8. Although Roland’s mother is dead and never appears as a character in our tale, she is a haunting presence throughout the narrative. How does Roland’s mother haunt young Roland? How does she affect his behavior at the beginning of “The Skin-Man”? How does she haunt his time in Debaria? What about how she haunts the adult Roland? What new light did this novel shed upon Roland’s relationship with his mother? Did anything about that relationship surprise you?
9. What does the young Roland have in common with the Young Bill Streeter? What does Young Bill Streeter have in common with Tim Ross?
10. Although the story “The Wind Through the Keyhole” is a fairy tale, the evil figure of the Covenant Man turns out to be none other than Marten Broadcloak/Walter O’Dim, who is Roland’s enemy. Although it is tempting to take the Covenant Man’s identity at face value (after all, we know that Roland’s nemesis is an ageless sorcerer who can change his identity at will), it is important to contemplate the deeper reasons why both young Roland and adult Roland might have chosen to cast Broadcloak as the evil Covenanter. What personal grudge does the young Roland have against Broadcloak? What grudge does the older Roland have against O’Dim? Do you think that the tide of opinion against the gunslingers and in favor of John Farson, affected young Roland’s decision to cast Broadcloak as the villain of the tale?
11. What is a skin-man? Does this figure remind you of any other monsters in Stephen King’s fiction? (HINT: Think about the novel Desperation.)
12. “The Wind Through the Keyhole” is a fairy tale. How would you define a fairytale? Why does this story have a special place in Roland’s heart? Although as a fairytale it takes place in the land of “Once upon a bye,” it has particular relevance to Roland and his ka-tet. Why? Do you think that such fairy tales—in Mid-World and in our world—serve a greater purpose? Do you think the figure of Tim Ross—the lowborn lad who eventually becomes a gunslinger—is especially important in the context of our three intertwined tales? If so, why?
13. The wind is an extremely important force in Wind Through the Keyhole. How does the wind bind the three tales together? What is its symbolic significance?
14. How do the emotions and actions found in Tim Ross’s story—jealousy, murder, grief, regret, questing, and redemption—relate to Roland’s story? What about how they relate to Young Bill Streeter’s story?
15. Who is Maerlyn? How does his depiction in this novel change how we view him?
16. At the end of “The Skin-Man,” Roland tells us that he kept his mother’s final letter for many years, tracing the words over and over. He says: I traced them until the paper fell apart and I let the wind take it—the wind that blows through time’s keyhole, ye ken. In the end, the wind takes everything, doesn’t it? And why not? Why other? If the sweetness of our lives did not depart, there would be no sweetness at all. What do you think Roland means? Do you think these words would be spoken by a younger character, and written by a younger author, or do you think that this perspective comes from maturity? Do you agree with what Roland says?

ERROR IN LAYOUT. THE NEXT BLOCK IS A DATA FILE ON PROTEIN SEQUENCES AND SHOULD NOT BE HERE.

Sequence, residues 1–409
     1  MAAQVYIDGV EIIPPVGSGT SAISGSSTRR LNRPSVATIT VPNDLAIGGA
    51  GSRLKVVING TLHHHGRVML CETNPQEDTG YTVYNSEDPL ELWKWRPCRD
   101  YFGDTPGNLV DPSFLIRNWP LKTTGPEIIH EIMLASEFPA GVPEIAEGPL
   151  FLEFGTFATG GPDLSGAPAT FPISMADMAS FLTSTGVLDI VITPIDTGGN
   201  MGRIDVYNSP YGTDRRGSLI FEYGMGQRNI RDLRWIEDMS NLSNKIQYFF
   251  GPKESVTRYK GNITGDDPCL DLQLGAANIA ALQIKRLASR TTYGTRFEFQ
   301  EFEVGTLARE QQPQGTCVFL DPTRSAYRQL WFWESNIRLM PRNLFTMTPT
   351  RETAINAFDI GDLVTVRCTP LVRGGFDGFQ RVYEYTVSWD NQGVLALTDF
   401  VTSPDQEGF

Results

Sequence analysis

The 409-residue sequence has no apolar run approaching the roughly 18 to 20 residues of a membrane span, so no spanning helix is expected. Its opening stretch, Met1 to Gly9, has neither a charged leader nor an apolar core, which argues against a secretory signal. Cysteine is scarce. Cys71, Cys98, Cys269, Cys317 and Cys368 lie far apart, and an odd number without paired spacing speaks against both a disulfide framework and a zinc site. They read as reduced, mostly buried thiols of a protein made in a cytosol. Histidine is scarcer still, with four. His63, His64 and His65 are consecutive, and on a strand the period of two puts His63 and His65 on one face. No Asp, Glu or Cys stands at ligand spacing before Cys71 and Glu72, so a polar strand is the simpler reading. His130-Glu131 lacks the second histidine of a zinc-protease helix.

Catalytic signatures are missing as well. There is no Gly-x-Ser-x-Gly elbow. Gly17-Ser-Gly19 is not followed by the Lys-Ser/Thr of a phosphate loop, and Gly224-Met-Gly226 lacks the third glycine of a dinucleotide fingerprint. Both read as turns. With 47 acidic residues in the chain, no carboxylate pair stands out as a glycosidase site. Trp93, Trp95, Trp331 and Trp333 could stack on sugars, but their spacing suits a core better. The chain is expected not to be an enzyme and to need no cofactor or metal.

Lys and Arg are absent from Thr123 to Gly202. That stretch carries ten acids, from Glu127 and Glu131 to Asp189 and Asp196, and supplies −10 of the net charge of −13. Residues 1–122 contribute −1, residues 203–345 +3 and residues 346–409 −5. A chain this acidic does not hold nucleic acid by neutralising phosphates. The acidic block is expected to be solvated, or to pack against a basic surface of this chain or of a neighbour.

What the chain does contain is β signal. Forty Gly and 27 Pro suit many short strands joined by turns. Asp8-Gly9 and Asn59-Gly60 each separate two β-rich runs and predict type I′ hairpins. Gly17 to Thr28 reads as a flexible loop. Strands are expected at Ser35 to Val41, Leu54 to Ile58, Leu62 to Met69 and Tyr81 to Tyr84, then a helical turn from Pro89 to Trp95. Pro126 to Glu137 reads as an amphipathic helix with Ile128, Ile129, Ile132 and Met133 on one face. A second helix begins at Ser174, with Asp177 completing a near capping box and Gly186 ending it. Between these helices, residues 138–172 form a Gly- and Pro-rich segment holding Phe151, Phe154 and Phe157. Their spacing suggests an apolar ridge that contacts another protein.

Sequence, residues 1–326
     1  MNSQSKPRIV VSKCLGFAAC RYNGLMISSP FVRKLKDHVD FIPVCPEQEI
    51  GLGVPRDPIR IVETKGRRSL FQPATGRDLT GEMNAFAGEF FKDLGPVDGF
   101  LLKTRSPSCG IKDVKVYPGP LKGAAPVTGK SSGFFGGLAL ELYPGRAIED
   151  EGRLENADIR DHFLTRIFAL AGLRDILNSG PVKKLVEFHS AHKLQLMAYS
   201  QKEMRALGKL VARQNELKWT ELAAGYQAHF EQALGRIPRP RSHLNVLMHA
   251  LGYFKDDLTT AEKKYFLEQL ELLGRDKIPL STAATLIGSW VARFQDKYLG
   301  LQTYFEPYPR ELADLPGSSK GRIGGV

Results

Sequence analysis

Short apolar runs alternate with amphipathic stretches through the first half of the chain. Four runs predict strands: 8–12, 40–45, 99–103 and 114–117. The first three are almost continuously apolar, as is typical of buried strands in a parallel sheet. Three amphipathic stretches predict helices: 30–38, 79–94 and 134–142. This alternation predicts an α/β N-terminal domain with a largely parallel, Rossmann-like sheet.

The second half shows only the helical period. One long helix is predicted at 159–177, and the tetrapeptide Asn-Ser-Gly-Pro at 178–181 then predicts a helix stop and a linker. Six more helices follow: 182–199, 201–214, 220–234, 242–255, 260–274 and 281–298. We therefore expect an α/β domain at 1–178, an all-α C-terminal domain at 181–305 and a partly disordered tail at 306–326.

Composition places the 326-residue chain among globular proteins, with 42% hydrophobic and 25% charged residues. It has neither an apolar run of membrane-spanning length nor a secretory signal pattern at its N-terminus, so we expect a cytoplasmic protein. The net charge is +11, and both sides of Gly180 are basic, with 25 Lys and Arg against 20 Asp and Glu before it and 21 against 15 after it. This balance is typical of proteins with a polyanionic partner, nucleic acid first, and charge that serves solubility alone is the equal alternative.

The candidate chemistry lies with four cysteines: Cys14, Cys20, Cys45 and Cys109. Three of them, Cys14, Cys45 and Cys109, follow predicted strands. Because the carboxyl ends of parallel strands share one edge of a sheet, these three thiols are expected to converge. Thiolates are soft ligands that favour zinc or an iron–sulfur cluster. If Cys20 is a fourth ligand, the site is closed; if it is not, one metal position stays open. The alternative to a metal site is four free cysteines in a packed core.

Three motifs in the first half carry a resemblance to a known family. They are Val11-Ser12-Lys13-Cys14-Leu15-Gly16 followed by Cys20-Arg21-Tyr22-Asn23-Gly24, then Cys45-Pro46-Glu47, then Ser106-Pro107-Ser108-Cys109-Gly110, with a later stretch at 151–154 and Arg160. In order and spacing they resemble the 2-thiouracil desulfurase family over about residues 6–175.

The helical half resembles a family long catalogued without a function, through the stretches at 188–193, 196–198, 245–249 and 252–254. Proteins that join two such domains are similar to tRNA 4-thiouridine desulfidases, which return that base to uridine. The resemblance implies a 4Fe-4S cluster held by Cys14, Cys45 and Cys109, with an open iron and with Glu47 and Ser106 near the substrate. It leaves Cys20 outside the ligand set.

17. Why is it so significant that The Wind Through the Keyhole ends with Roland’s dead mother telling her son that she forgives him and asking for his forgiveness in return? Does this affect how you see Gabrielle? Does it affect how you see Roland?
About The Reader
Stephen King is the author of more than sixty books, all of them worldwide bestsellers. His recent work includes Fairy Tale, Billy Summers, If It Bleeds, The Institute, Elevation, The Outsider, Sleeping Beauties (cowritten with his son Owen King), and the Bill Hodges trilogy: End of Watch, Finders Keepers, and Mr. Mercedes (an Edgar Award winner for Best Novel and a television series streaming on Peacock). His novel 11/22/63 was named a top ten book of 2011 by The New York Times Book Review and won the Los Angeles Times Book Prize for Mystery/Thriller. His epic works The Dark Tower, It, Pet Sematary, Doctor Sleep, and Firestarter are the basis for major motion pictures, with It now the highest-grossing horror film of all time. He is the recipient of the 2020 Audio Publishers Association Lifetime Achievement Award, the 2018 PEN America Literary Service Award, the 2014 National Medal of Arts, and the 2003 National Book Foundation Medal for Distinguished Contribution to American Letters. He lives in Bangor, Maine, with his wife, novelist Tabitha King.
- Publisher: Simon & Schuster Audio (April 24, 2012)
- Length: 10 disks
- Runtime: 10 hours and 30 minutes
- ISBN13: 9781442346963